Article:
Original post by David Lestani, Clarita Solutions
The Internet of Underground Things
And it’s not just an expo jam packed with the best that the IBM ecosystem has to offer (check out our friends showcasing EZMaxMobile above) or the world class venue and entertainment. I’ve been really impressed with the quality of presentations, and have particularly enjoyed the insight and knowledge sharing offered in those that feature real-world customer experiences.
Today was no exception, with many organisations already sharing great stories of implementation success with IBM’s IoT technologies.
At Clarita, many of the assets that our clients manage are not as easy to see or touch as a piece of earth moving equipment, or a machine on the factory floor. Maintaining assets like water pipes that are buried underground comes with a whole new set of challenges, and it was the stories of other organisations tackling them head-on that caught my attention today.
One such organisation is Tampa Bay Water. Located in Florida, Tampa Bay Water supply between 140ML and 260ML of water per day from wells, reservoirs and desalination for 2.3M customers. Their desalination plant is the largest in the USA.
The current as-is implementation includes a number of custom applications for inspections to feed the renewal and replacement program. However the objective is to retrofit sensors to existing equipment so that it can be instrumented and used to feed a condition based maintenance (CMB) regime.
Tampa Bay Water realised they had a valuable source of data from their existing SCADA network which they brought through to Maximo on an hourly basis. The types of monitoring points include:
- runtime hours (from pumps, motors, VFDs, etc);
- vibration; and
This data was used in a demonstration by IBM to represent a reliability engineer persona. This was done using IBM Bluemix with realtime insights fed from SCADA. An overlay of weather was used to present a simple dashboard showing cost vs performance, useful life, failure history and asset health from Watson.
Another organisation whose whole business is built on the reliable performance of subterranean assets is the London Underground. Their IoT story on integrating sensors with Maximo was a very impressive presentation, delivered by Maximo experts who clearly know their stuff!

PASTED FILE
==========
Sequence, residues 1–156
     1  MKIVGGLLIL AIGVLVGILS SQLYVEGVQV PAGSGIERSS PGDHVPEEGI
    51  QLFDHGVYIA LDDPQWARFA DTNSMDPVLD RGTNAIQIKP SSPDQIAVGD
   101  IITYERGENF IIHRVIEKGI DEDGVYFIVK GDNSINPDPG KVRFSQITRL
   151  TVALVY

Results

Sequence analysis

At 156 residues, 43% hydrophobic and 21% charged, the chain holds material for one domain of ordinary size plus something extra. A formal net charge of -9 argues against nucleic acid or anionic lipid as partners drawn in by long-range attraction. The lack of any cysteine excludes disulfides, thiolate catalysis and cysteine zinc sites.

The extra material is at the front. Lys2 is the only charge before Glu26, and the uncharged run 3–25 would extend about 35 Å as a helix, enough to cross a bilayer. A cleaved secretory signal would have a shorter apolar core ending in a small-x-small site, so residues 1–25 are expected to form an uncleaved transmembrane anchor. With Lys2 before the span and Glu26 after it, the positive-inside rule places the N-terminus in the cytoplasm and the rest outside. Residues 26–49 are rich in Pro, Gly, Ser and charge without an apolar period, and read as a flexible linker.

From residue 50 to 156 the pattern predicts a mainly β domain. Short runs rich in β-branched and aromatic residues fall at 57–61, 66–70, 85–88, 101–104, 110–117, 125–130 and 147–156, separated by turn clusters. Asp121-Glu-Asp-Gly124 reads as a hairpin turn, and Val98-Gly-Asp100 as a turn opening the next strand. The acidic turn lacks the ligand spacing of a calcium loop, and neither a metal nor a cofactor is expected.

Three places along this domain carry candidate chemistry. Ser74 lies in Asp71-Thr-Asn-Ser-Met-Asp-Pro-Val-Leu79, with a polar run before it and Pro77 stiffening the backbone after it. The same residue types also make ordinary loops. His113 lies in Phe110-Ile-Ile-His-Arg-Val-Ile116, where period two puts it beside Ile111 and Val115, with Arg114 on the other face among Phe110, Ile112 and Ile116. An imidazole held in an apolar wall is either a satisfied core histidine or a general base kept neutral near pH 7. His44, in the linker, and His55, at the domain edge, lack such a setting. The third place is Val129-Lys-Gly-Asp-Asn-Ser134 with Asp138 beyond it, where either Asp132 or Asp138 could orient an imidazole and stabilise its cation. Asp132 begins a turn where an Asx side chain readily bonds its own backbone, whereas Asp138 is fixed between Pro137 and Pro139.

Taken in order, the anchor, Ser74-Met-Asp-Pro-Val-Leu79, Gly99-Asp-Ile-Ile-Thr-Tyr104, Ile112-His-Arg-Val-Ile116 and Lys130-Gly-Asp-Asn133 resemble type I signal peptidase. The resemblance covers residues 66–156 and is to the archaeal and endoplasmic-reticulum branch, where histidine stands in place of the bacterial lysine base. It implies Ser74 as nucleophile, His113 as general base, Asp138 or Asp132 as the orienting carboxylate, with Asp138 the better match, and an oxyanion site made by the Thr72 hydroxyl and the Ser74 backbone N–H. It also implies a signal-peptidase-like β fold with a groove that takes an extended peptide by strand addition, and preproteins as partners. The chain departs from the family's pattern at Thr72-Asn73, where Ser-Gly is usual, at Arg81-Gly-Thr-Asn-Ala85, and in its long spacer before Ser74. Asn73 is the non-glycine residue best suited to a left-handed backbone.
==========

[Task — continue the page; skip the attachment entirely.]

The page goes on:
The London Underground has a combination of rolling stock that includes new trains with sensors and older trains without. The benefits of the newer trains is that condition monitoring data is available to perform reliability centred maintenance. The goal is to reduce resource requirements (less inspections to read condition) and automatic creation of work orders (EM & CM). Additional benefits include the supply of more information to get the fix right the first time and avoid follow up visits.
Like other customer experiences, London Underground faced challenges with their master data management that had to be overcome when integrating SCADA and BMS. Fortunately they were able to utilise existing infrastructure for communication over the WIFI/LAN.
As part of their rollout for the proof of concept, London Underground used 50 x $40 yali sensors to measure temperature and humidity combined with the BIM to enhance visualisation of where the sensor was deployed. In order to collect the monitoring data London Underground used:
- sensors to collect data;
- IBM MessageSight for communication transfer;
- IBM Node-Red with NoSQL;
- Cognos BI for reporting; and
- Maximo and Twitter as end points for creating work orders and a tweet.
Back above ground, I enjoyed hearing about IBM’s outlook on their investment and future development path for Maximo and its associated products. The theme was very much set on how items such as fitbit, automotive computers, security systems and home temperature sensors were transferring across to industrial purposes.
A number of investment areas were identified including, most notably for me, Location Based Services. A welcome refresh of the user interface is also underway, which is expected to include:
- responsive workscapes;
- intuitive design;
- role based;
- data driven; and
- interactivity (can include weather information both historical and storm forecasts).
An asset health dashboard is being developed to provide personas for a reliability engineer (lifecycle view) and a maintenance supervisor (week view). This should be an interesting development so keep a lookout as it will be delivered as a feature pack.
If you would like access to training information, there is a wealth of resources, including around 20 hours of video, available now from the Watson IoT Academy website.